After a lightning round in 2019 that saw 11 U.S. jurisdictions enact sports-betting legislation and several more launch under existing laws, GamblingCompliance looks ahead to some of the key issues that will shape the sports-betting landscape in 2020.
Tribal Sports Betting
Although legislative discussions in 2018 and 2019 largely centered on sports betting through commercial operators, recent developments suggest that 2020 will be the year when Indian tribes stake their claim to a larger piece of the sports-betting pie.
Since the demise of the federal ban under the Professional and Amateur Sports Protection Act of 1992 (PASPA), tribes in four states have introduced retail sportsbooks in their tribal casinos. But the topic of mobile betting has been an open question, as federal case law suggests that bets placed off-reservation are not protected by the Indian Gaming Regulatory Act (IGRA), and tribes have been hesitant to test that case law to date.
Still, several states have considered bills that would explicitly permit tribes to offer online sports betting, and the law passed in Michigan in December introduces a new mechanism to do so, requiring tribes to waive sovereign immunity for the limited purpose of obtaining commercial-style licenses.
In addition, federal legislation was introduced in the U.S. House of Representatives in December that would amend IGRA to clarify that mobile sports wagers would be deemed placed at the location of the server rather than the bettor.
Indian tribes will also be at the center of the debate in California, where a coalition of 18 politically powerful tribes is backing a ballot initiative to allow for retail sports wagering at tribal casinos and racetracks, without a mobile component. Several state lawmakers are preparing to push a competing constitutional amendment that would include mobile betting.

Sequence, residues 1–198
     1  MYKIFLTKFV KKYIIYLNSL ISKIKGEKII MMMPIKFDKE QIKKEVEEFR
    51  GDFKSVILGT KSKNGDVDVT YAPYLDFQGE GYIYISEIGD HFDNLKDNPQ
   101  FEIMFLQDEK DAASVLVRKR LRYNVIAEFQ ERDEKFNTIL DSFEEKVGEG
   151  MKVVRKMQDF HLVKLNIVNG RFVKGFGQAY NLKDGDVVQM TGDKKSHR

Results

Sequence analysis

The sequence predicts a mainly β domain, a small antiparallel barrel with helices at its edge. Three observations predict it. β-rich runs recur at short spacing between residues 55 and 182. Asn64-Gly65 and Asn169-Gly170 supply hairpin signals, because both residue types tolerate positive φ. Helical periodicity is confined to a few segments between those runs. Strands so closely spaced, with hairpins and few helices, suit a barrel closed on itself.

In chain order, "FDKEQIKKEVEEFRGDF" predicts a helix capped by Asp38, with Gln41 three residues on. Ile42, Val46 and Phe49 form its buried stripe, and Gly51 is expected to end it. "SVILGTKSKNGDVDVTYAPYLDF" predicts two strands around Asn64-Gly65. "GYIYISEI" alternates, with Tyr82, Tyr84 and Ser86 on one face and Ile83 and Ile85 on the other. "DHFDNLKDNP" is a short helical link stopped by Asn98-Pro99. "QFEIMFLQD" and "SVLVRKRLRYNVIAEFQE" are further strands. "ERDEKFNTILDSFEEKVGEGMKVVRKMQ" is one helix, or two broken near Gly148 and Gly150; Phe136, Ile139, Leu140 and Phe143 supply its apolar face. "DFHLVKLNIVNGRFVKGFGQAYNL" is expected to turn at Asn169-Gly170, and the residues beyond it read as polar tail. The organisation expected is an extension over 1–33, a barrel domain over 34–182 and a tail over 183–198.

According to GamblingCompliance research, a California market limited to retail sportsbooks at tribal casinos and racetracks as proposed by the ballot initiative would be worth approximately $294m by year five of operations.
But a hypothetical California market that also includes mobile wagering and a broader retail rollout would be worth at least $1.65bn in revenue by year five.
Official League Data
Three states last year approved laws effectively requiring operators to use official league data to settle in-play wagers, and 2020 should reveal whether those states turn out to be outliers or trendsetters.
The data mandate has been the key lobbying provision pushed by a coalition of professional sports leagues, and to date, Tennessee, Illinois, and Michigan have acquiesced to the request.
The three states were among the later adopters of sports-betting legislation in 2019, so the inclusion of official data in their laws could indicate a trend, plus the market sizes of the three states are significant enough to warrant extra attention.
However, none of the states with official data mandates have launched to date, nor have their state regulators adopted final rules governing sports betting.
Each of the state laws requires operators to purchase official data only if it is offered by leagues on “commercially reasonable terms.”